"'C'mon, Dennis,' Aunt Kitty says, 'give us a song.'...The aunts and uncles all around, and the cousins, Arlene and Helene and Bobby and Freddy and Johnny and Larry and Ronnie and Eileen and Brian and Rosie and Joey and Billy, and my brother Billy, too."

The song Smith sings is his mother's song, Mary's song, "The Rose of Tralee."

Smith reads:

"She was lovely and fair
as the rose in the summer,
but t'was not her beauty alone that won me.
Oh, no, t'was the truth in her eyes ever dawning
that made me love Mary, the rose of Tralee."

Dennis went to Catholic school; he even became an altar boy, but he was a troubled young man, he says. He dropped out of school, tried marijuana and worse.

Smith recalls, "I felt that when I got up in the morning and I'd come out on this street, I knew I was going to have a good time. But I'd also come close to being in very serious trouble. Because, you know, we would go from here to Harlem, take the First Avenue bus to 110th Street and get heroin, and take the Second Avenue bus down and hope that you never get caught."

"Looking for a father figure was the compelling motivation in my life," Smith says.

"So I got in with a bunch of guys who I loved," he adds. "I thought they were great, great guys. But they were really the bad side of the apple. And so I began dabbling with drugs, taking marijuana and then taking heroin. I didn't do this a lot, I've got to say. I never became a drug addict or anything."

"I was saved from that, essentially, by ironically a fistfight where the police came and took us all, and took us to court. And the following morning the judge said: 'Listen, young man. If you go into the military, I'll dismiss those charges.' And that was a life saver to me," he continues.

Just before he left for the Air Force, Smith went with his mother to see his father for the first time in a psychiatric hosptal in Poughkeepsie, N.Y.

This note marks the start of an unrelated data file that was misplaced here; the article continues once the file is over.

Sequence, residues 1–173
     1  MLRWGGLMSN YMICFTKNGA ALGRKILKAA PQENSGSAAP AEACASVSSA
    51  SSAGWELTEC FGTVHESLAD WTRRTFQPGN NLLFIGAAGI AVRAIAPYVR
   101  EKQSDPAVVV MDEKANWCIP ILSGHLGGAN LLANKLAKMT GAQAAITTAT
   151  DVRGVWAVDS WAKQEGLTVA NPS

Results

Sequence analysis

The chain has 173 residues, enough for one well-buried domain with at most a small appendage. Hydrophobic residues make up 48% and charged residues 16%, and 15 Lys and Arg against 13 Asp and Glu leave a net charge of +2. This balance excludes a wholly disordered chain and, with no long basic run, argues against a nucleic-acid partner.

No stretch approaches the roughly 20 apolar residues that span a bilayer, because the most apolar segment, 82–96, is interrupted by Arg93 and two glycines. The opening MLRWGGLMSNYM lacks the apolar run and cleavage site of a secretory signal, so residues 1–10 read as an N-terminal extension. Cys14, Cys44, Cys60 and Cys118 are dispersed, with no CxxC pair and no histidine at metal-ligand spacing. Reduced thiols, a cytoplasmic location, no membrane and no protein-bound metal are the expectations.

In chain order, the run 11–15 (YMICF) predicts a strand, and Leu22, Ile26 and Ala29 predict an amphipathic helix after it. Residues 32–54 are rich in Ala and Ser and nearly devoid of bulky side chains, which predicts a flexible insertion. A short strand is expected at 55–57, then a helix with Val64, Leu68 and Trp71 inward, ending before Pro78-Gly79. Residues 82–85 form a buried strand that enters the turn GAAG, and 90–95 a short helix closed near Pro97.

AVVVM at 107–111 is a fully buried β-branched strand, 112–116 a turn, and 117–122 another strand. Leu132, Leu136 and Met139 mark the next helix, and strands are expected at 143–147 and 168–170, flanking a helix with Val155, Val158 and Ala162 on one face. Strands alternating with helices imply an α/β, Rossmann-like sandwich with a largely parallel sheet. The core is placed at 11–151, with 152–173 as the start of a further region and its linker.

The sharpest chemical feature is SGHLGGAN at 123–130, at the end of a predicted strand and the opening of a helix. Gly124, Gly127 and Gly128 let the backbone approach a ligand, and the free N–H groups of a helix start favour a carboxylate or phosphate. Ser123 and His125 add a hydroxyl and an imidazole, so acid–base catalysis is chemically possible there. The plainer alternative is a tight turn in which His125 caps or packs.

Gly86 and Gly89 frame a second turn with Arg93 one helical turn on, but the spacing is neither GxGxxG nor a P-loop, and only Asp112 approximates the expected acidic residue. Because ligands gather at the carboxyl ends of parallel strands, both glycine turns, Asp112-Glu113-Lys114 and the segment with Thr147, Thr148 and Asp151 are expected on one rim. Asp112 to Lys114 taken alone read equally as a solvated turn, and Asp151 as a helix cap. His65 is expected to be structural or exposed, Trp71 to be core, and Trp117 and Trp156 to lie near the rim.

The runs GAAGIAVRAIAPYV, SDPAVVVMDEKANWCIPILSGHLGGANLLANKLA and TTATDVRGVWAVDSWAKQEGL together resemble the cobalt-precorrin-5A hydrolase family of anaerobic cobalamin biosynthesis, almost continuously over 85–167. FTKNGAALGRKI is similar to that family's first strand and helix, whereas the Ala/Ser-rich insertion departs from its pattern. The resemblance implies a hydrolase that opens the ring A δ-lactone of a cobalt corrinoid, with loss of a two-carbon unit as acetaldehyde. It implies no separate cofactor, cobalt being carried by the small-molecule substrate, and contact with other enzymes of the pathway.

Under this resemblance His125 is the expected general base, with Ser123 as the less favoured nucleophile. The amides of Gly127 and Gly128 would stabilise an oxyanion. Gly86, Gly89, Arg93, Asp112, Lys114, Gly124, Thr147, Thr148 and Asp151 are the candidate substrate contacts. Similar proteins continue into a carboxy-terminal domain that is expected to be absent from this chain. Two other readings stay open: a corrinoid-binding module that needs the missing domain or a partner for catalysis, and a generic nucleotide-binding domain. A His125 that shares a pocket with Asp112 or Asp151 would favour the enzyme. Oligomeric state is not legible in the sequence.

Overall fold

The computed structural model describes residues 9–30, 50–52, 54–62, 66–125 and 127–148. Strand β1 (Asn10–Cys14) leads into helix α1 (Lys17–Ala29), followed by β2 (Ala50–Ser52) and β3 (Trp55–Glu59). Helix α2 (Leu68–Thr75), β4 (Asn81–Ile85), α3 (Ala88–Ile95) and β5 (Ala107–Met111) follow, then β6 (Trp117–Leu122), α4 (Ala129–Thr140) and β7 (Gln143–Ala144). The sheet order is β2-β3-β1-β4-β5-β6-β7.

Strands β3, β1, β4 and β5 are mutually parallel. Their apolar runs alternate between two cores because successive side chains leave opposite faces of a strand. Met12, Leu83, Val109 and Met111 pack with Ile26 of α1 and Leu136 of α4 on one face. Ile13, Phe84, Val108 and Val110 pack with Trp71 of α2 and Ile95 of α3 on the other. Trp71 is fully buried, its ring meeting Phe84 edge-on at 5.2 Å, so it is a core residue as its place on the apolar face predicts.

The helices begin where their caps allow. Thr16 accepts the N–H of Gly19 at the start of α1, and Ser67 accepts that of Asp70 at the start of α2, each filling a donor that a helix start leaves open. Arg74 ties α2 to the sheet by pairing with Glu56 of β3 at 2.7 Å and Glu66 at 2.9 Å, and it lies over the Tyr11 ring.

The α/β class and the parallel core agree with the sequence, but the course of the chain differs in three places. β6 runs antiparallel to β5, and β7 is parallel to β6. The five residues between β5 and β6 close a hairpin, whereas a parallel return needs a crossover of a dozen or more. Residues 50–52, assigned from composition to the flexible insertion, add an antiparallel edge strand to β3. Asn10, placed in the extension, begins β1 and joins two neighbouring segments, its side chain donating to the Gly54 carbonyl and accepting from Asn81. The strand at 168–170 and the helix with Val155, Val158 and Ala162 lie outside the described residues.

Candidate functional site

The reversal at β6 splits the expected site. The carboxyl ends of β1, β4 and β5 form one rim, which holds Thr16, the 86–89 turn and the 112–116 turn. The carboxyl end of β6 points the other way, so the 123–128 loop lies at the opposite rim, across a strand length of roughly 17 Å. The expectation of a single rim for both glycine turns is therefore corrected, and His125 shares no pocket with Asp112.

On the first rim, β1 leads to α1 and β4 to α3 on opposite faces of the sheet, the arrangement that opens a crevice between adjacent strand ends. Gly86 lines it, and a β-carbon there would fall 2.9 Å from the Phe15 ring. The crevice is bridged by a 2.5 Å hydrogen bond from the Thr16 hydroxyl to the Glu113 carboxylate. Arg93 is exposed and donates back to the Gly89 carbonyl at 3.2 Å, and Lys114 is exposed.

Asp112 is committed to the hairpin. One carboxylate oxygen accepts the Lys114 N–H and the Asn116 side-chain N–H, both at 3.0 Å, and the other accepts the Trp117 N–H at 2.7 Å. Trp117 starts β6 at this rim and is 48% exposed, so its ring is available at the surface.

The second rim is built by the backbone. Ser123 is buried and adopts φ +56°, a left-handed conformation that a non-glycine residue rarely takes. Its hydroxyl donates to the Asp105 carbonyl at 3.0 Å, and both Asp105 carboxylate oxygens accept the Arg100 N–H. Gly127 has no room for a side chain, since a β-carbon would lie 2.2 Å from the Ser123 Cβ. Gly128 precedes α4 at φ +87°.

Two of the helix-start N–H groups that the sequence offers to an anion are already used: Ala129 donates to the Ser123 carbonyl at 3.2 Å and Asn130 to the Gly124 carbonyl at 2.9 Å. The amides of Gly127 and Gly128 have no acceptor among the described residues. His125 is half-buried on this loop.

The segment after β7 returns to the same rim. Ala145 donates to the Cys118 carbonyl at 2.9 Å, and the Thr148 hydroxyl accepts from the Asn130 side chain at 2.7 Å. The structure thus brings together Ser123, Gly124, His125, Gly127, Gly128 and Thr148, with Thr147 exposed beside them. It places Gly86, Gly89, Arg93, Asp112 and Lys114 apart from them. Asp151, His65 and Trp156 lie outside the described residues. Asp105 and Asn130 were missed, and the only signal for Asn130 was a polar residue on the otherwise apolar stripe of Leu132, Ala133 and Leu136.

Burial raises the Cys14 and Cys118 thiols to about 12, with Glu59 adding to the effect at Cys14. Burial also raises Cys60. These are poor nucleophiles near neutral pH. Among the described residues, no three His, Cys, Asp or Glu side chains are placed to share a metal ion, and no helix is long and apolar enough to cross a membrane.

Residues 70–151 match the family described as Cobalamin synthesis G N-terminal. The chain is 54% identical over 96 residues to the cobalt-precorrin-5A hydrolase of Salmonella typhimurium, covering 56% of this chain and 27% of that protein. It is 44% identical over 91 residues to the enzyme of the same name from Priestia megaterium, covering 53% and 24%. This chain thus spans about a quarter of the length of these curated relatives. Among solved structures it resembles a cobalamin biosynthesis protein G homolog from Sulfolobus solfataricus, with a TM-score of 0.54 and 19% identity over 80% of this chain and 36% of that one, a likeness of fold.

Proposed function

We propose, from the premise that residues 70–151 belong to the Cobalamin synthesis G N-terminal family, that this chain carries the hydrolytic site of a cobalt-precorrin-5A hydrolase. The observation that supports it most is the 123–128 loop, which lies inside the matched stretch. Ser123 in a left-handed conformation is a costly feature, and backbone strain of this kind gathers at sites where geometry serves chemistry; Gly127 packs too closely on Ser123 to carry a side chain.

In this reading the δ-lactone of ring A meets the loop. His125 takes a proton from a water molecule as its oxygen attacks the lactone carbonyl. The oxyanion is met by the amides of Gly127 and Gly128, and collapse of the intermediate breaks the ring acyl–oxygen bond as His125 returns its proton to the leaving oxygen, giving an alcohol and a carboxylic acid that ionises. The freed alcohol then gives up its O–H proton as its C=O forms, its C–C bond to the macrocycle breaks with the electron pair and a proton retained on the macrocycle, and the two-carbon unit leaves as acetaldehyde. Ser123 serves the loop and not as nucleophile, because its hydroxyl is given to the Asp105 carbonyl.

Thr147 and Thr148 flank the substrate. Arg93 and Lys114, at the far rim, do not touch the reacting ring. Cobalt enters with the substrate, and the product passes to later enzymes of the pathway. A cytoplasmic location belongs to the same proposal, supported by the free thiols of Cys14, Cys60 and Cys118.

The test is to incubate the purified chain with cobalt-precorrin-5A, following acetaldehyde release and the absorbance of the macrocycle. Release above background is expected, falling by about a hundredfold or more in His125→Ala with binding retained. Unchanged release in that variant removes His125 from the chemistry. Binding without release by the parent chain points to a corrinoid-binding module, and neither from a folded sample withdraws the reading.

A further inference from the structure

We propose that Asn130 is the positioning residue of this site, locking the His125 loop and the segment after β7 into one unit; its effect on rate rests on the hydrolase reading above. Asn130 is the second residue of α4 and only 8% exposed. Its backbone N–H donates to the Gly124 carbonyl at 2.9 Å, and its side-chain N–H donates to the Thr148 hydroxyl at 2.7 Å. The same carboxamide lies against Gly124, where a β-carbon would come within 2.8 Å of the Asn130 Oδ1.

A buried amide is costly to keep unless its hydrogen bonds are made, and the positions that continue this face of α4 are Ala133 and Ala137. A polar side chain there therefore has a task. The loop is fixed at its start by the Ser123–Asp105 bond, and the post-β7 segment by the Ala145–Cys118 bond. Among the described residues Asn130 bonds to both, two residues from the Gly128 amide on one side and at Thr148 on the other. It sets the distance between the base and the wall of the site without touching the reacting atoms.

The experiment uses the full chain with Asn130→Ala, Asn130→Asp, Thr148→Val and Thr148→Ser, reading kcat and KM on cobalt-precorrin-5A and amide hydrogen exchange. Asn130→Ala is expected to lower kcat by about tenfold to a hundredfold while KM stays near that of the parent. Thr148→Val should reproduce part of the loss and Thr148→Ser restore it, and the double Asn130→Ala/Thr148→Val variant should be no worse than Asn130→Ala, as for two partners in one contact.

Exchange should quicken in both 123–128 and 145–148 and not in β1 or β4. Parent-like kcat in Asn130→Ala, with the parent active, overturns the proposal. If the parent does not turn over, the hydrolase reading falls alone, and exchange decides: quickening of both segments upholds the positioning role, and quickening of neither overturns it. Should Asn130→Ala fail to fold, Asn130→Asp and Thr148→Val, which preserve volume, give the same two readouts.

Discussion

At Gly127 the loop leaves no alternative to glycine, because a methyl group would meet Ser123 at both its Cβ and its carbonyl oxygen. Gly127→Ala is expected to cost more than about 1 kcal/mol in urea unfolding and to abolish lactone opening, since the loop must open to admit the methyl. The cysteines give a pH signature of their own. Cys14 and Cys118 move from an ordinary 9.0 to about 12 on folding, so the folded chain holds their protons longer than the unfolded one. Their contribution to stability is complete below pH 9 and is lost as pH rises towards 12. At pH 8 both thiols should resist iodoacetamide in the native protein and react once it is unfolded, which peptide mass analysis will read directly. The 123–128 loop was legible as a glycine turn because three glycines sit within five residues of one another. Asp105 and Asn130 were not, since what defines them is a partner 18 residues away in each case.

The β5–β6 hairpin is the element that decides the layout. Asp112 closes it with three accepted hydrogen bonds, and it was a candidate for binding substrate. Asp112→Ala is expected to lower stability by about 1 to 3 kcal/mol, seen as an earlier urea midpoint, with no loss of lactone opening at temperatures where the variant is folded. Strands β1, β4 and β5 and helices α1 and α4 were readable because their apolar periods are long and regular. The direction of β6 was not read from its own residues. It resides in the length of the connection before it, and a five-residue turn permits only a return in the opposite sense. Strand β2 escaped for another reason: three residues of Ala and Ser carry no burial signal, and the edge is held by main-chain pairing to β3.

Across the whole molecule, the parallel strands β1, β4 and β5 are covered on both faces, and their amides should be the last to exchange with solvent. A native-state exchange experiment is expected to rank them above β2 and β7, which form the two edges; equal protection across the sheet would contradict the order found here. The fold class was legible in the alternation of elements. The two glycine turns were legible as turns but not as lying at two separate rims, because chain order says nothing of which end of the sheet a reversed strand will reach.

Smith reads:

"'Do you remember me, John?' my mother asks.
'Hello, hello,' he says.
'This is Dennis, John' she says, pulling me forward.
'Dennis,' he repeats.
'How are you John?' she asks.
'Give me a cigarette,' he says.
'This is Dennis, John,' my mother answers. 'Your son.'
'Give me a cigarette,' he says.
'Do you remember Dennis, John? Dennis and Billy?'
'Hello, hello,' he says.
I grab his hand as my mother begins to walk away.
'Goodbye, Dad,' I say, something I've never said before."

Smith reveals, "I also, at that meeting I think had a kind of rebirth, because at least I saw physically, and there was no longer images. I saw physically the person with whom I was trying to identify for so many years. All of my life, up until that time. Flesh and bones, you know? Flesh and bones."

Smith is a contented man these days. The Air Force helped. So did New York University, and his 18 years with the New York City Fire Department. His Report From Engine Company 82 has just been reprinted. He has five children and two grandchildren, and he remarried recently.

And every Tuesday night, no more than a mile from where he grew up, Smith plays the bodhran at Paddy Reilly's bar.

"I love Irish music," says Smith. "Music is a way to sort of make the culture become alive and meaningful. I'm always very happy when I'm in the middle of these musicians banging on that bodhran."

A Song for Mary ends with Smith about to begin his job as a firefighter.

Smith reads:

"So here I am looking up at the towering yellow-bricked building of Engine Company 82. And I'm hoping I have whatever I need to fight the fires that I know will be before me. I guess that is mostly courage, which is not a personality trait you can train for in a few months at a training school, it is like the doors have been opened to a new world, one I have not seen before. God. This is going to be exciting."